Exactly. In our schools, AP takes the place of GT and Honors classes after 10th grade. Nothing they were offering in regulars classes would have been any kind of education for my classmates and me. Might as well have stayed home. 

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2 minutes ago, Sk8ermaiden said:

Exactly. In our schools, AP takes the place of GT and Honors classes after 10th grade. Nothing they were offering in regulars classes would have been any kind of education for my classmates and me. Might as well have stayed home. 

Maybe students of advanced ability *can* just test-out and stay home. Maybe they can test-out and start college. It would certainly enable the public education system to focus on it's major sociological function: to provide a basic educational service to the majority of citizens and residents in order to allow them to be functional contributing members of society. If, in 10th grade, regular classes have nothing to offer some students... maybe those students have already achieved what is desired.

Providing more than a basic education, helping bright students reach their potential, nurturing their strong academic abilities... that's wonderful. It's a mark of a good society that values and nurtures everyone. I hope lots of places can do it.

But right now, we started from a place of, "We can't safely provide any education at all." We moved to the situation where we can provide emergency distance education to most students, (except in cases where there is a lack of social, familial, or financial capacity for students to receive distance education). From that point, we hope to begin to re-achieve the basic goal of public education: providing a basic educational service in person. A basic educational service is one that can achieve literacy, numerical competence, and some elements of understanding around sociology and physical sciences for everyone. If we can create a system that can do *that* by September, it will be a win.

And that might mean that students who have already achieved that standard won't really benefit from what's on offer in a crisis year. That's unfortunate. I hope fuller forms of education can be offered as soon as possible. In the meantime, something is better than nothing.

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I don't know what the answers are. We have a public school superintendent in our Sunday school class, and on Zoom today, he said the decisions about what to do for this year's graduating class, how to manage the remote schooling, and how to plan for the fall are the most difficult things he has dealt with in his 36 year career.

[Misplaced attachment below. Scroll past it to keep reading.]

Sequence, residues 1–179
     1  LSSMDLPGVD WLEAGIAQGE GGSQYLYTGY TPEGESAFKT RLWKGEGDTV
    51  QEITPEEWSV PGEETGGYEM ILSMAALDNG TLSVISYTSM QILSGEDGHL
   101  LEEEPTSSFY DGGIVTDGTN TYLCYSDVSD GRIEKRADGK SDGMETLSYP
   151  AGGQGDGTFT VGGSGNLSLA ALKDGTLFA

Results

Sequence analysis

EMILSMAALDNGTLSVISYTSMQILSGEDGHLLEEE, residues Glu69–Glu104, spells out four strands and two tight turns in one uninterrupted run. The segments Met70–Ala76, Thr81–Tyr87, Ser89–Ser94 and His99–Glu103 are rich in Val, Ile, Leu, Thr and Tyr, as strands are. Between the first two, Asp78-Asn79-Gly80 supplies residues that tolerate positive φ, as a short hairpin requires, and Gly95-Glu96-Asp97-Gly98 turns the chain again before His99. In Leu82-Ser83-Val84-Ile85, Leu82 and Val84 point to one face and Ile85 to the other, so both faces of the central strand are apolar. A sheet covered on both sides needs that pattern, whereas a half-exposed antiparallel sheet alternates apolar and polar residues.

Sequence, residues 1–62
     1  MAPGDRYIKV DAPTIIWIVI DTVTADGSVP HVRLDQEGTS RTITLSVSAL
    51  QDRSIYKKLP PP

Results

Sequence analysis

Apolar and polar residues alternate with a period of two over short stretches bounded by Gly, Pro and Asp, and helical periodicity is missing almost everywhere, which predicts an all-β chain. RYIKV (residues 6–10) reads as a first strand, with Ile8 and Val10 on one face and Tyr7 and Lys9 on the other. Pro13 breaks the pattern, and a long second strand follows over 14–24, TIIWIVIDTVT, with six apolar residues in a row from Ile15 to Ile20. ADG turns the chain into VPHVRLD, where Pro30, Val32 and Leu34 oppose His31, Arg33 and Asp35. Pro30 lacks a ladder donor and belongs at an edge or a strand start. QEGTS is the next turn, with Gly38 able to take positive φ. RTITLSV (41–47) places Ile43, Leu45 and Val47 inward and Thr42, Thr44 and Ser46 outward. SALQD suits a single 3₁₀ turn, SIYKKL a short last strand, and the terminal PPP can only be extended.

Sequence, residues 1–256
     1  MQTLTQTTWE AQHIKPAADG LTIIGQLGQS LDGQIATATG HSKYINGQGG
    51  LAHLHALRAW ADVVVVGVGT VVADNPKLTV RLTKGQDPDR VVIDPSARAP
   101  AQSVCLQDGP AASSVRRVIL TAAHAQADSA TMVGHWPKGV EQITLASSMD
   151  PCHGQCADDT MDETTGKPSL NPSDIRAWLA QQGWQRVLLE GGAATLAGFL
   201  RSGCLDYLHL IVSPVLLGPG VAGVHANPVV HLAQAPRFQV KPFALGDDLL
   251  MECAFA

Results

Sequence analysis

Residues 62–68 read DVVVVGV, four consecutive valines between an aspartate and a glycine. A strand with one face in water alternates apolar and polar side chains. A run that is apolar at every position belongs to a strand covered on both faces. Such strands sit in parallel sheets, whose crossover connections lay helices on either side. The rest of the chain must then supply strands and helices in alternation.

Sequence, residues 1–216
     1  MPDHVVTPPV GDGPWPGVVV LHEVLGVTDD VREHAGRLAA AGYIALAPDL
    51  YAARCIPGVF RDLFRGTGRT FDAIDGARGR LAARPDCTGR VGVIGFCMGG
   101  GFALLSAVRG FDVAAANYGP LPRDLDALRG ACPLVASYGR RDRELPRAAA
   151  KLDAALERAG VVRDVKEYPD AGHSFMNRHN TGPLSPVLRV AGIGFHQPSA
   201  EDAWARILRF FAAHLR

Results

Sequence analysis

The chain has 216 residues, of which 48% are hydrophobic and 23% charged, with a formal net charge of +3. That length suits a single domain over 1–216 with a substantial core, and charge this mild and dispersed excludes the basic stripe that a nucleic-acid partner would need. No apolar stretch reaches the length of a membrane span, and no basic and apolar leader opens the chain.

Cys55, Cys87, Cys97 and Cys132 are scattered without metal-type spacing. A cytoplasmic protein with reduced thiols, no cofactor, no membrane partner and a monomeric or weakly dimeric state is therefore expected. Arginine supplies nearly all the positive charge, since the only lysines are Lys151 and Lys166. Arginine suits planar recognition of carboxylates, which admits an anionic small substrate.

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So 16 year olds across the country should head off to college this fall, without ever having taken the SAT, looked at colleges, applied to them, gotten a high school diploma? They should all miss out on the rest of their high school experiences (including graduation, homecomings and prom - and these things will certainly be happening two years from now) because they are more academically advanced than their peers? They will be mature enough to handle a college environment (and their parents are ready to pay for it?) There were 40-60 kids in my class of roughly 1000 who would have fit this demographic. And please don't say community college. The freshman-level community college classes here are mostly equivalent to 8th or 9th grade public school classes (I've taken several) and not all colleges accept them. They are a waste of time and money *for the type of student we are talking about.* 

What about those who are in remedial or special education classes? They are not served by the mainstream classes either. Should we drop their education as well?

Thankfully I know no school boards will actually entertain ideas like this. 

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25 minutes ago, Sk8ermaiden said:

So 16 year olds across the country should head off to college this fall, without ever having taken the SAT, looked at colleges, applied to them, gotten a high school diploma? They should all miss out on the rest of their high school experiences (including graduation, homecomings and prom - and these things will certainly be happening two years from now) because they are more academically advanced than their peers? They will be mature enough to handle a college environment (and their parents are ready to pay for it?) There were 40-60 kids in my class of roughly 1000 who would have fit this demographic. And please don't say community college. The freshman-level community college classes here are mostly equivalent to 8th or 9th grade public school classes (I've taken several) and not all colleges accept them. They are a waste of time and money *for the type of student we are talking about.* 

What about those who are in remedial or special education classes? They are not served by the mainstream classes either. Should we drop their education as well?

Thankfully I know no school boards will actually entertain ideas like this. 

It's a worldwide state of emergency. They should stay home, find something useful to do for their community, and carry on their studies under the direction of a parent or mentor. If a college (community or otherwise) wants them, and they want college, and distance learning is working, and the student seems mature enough for the challenge: that might be a useful relationship. If not, then not.

I don't know why it's hard to understand that a pandemic is a damaging thing, and it's going to hurt people. It's a natural disaster. People will suffer. Education will suffer. No one is going to be the same. No one's life is going to be quite the same. It's real.